The time to start pursuing your passions is now.
By six years old, Mozart was writing his own compositions and playing multiple instruments in public performances. He wrote his first great mass—Misa Brevis in G—when he was 12. The lesson: It’s never too early to pursue your creativity. Of course, it helps if your family is wealthy and you don’t have to work on that “job” thing.
Pick influential role models.
Mozart’s idols included Bach, Handel, and Haydn, even though the latter was already an established composer during Mozart’s childhood. In 1783, however, when Mozart was 28 and Haydn was 52, they co-headlined the bill at a charity concert in Vienna. “If only I could impress Mozart’s inimitable works on the soul of every friend of music,” Haydn once wrote, “the nations would vie with each other to possess such a jewel.”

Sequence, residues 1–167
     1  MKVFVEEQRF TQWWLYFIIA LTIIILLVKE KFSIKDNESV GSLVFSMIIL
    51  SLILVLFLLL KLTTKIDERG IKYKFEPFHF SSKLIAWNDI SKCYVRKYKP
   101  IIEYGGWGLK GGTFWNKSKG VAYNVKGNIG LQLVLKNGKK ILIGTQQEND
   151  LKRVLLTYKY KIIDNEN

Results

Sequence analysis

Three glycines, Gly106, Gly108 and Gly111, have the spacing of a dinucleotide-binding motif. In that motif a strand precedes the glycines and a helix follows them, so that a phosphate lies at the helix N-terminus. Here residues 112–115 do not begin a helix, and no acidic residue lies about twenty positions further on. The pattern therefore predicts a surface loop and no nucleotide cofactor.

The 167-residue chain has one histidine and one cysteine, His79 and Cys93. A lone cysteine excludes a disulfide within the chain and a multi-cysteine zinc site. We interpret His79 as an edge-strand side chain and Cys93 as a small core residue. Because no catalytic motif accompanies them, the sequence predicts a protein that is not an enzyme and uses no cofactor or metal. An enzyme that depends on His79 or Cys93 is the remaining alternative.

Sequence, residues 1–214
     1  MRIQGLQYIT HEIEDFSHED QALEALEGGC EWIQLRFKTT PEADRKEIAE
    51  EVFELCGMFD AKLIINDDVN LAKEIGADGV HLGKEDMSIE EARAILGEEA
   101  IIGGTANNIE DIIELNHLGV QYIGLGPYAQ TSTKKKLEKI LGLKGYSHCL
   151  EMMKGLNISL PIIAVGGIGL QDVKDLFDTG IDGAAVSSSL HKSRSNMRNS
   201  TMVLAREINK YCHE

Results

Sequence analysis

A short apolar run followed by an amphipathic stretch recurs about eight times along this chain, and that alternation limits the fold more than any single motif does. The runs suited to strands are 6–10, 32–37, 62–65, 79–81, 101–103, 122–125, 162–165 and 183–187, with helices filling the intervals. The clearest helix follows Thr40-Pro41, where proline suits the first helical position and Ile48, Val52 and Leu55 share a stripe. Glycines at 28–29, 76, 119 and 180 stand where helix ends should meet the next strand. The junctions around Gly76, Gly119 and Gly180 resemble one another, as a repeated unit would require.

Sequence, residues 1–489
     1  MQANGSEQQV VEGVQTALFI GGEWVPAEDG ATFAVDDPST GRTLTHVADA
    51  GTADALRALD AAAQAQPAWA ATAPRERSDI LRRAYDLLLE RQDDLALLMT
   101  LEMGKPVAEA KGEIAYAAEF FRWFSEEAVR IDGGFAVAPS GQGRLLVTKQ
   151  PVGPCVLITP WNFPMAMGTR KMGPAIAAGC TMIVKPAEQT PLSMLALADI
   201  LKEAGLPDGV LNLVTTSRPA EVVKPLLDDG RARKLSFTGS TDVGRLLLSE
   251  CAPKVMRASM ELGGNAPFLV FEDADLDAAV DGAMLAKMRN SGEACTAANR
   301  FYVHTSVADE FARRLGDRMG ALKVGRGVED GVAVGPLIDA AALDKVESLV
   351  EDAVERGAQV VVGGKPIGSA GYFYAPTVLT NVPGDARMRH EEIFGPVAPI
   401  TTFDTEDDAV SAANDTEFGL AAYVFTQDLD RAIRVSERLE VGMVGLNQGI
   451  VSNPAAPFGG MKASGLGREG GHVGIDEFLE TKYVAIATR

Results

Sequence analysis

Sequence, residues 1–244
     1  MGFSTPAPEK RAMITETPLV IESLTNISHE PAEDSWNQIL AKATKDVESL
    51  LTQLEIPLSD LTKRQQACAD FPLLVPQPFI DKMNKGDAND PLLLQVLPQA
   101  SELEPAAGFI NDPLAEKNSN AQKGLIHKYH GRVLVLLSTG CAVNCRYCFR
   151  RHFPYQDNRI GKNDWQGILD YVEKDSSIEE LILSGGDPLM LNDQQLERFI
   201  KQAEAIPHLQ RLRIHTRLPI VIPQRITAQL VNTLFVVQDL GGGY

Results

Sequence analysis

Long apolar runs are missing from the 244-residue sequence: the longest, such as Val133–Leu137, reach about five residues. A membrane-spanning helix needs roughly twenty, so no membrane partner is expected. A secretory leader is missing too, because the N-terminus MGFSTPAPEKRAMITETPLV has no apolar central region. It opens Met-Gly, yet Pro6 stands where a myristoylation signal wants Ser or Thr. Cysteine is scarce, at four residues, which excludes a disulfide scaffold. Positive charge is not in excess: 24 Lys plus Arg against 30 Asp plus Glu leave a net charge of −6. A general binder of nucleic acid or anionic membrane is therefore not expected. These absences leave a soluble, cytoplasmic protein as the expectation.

The lesson: Choose your mentors wisely.
Learn to build and borrow from others.
Mozart sometimes took familiar phrases from other composers’ work and added them to his own, making him perhaps one of the earliest performers to sample music.
The lesson: Quiet your ego and embrace the work of other artists—for they may lift your creativity to new peaks.